Monday, 14 September 2009

In early to the Chai this morning to get on with the organised chaos of barrel filling.

The empty barrels in the Chai may all look the same but on closer inspection, you will find that the barrels are all very different and individual. Some of the main factors that give the barrels their unique flavours include: the age of the oak, the forest it comes from, how it has been cut and the length of time the wood has been dried for. The cooper also has his own way of building the barrels and so the thickness of the staves and the toasting will vary considerably.

So what I actually have here at the Chai is a huge spice rack! And I have 400 spices to choose from. This morning I will taste all of the juice currently stored in the Chai and match this with the best mix of barrels to enhance - but not ruin - the natural flavour of the grape variety in question. Physically this means pulling the barrels of the stacks and replacing them in new batches; a lot of hard work, believe me!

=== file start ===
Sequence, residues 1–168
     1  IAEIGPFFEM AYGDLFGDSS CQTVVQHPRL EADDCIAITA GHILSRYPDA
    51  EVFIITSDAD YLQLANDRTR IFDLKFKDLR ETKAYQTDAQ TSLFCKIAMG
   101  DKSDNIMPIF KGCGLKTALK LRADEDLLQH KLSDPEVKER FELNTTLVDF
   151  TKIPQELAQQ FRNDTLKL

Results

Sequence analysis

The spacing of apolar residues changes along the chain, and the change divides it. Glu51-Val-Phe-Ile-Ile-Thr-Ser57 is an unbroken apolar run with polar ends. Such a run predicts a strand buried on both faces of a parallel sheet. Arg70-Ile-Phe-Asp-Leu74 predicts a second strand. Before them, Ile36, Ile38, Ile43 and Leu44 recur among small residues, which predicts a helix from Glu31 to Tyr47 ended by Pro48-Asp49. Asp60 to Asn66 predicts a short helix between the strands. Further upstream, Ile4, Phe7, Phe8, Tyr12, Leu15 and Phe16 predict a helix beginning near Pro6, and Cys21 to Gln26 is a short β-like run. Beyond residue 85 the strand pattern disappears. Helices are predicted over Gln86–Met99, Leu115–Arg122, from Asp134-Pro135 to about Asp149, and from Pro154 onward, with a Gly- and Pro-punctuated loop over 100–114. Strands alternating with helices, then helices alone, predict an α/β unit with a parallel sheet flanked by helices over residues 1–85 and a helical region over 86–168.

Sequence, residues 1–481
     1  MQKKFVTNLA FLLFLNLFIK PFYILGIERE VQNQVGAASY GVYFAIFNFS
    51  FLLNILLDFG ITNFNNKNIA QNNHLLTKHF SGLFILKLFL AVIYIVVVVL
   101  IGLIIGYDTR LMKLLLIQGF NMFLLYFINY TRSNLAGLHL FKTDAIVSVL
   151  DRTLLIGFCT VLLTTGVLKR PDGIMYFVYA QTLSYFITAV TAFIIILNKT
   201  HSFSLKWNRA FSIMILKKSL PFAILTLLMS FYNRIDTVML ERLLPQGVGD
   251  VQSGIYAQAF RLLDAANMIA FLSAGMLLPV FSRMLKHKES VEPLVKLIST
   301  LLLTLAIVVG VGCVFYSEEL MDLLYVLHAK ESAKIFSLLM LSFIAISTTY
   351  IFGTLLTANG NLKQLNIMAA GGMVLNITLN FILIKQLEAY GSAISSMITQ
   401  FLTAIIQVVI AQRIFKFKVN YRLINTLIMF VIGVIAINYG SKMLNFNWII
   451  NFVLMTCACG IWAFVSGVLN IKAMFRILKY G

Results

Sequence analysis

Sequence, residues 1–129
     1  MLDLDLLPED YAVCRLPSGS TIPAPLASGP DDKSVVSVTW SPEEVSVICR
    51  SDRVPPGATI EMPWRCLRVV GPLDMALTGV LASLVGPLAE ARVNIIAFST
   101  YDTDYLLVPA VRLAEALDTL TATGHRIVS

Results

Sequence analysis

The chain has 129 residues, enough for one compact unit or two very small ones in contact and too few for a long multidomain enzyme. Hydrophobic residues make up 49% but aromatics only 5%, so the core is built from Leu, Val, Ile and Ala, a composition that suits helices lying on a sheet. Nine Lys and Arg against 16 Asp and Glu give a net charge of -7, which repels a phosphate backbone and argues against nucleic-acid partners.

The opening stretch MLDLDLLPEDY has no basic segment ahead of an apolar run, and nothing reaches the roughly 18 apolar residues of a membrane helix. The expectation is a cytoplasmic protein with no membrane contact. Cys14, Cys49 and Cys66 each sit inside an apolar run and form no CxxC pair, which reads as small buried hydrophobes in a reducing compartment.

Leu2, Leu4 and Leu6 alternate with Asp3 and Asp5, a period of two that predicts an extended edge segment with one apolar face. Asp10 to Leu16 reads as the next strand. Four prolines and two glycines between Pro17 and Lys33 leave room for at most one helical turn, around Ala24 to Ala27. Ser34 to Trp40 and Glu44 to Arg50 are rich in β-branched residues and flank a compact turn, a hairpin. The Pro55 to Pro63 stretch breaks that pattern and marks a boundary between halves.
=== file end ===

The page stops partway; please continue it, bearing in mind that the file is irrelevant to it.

Once I have decided upon the oak to match the juice, I will set off to the Midi to harvest the Roussanne in Beziers. Roussanne is one of the principal grape varieties used in white Chateauneuf-du-Pape.

This will not be taken to the Chai until Wednesday morning however, because I am allowing what we call 'skin contact' to occur. This means that the juice and skins are left in contact with eachother for 6-12 hours (sort of a marinade) in order to extract flavour and light tannins.

The reason I am doing this is to create a 'backbone' to the wine, since this juice is headed for new barrels. New barrels are very powerful and if the wine is too weak, it will be drowned in woody flavours. With a bit of backbone however, I am sure the wine will be able to stand up to the new oak.


No comments: